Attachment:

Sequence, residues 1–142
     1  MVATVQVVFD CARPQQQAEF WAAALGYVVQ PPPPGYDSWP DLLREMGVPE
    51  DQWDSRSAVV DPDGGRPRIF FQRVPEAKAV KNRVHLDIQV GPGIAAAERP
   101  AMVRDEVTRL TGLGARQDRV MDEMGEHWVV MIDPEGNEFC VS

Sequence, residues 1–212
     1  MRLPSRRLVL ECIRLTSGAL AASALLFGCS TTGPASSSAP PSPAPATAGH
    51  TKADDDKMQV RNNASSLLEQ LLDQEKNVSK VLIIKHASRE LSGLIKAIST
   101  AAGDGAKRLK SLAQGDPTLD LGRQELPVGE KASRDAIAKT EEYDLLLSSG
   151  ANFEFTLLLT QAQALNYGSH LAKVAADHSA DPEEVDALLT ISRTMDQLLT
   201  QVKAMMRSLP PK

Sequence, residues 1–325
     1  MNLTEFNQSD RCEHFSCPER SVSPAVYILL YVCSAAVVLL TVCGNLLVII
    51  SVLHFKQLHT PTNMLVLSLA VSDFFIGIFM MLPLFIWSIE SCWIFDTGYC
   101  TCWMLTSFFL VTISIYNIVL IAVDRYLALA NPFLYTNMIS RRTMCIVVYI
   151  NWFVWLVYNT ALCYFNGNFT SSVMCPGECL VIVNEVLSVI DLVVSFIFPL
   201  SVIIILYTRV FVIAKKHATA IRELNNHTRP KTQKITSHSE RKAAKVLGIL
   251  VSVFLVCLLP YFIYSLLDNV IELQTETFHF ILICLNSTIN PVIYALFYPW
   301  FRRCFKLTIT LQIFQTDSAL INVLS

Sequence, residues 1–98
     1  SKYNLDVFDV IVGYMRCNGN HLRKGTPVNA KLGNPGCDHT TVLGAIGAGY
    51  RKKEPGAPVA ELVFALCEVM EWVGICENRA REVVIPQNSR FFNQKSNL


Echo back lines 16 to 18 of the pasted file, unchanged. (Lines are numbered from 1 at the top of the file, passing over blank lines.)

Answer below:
   201  SVIIILYTRV FVIAKKHATA IRELNNHTRP KTQKITSHSE RKAAKVLGIL
   251  VSVFLVCLLP YFIYSLLDNV IELQTETFHF ILICLNSTIN PVIYALFYPW
   301  FRRCFKLTIT LQIFQTDSAL INVLS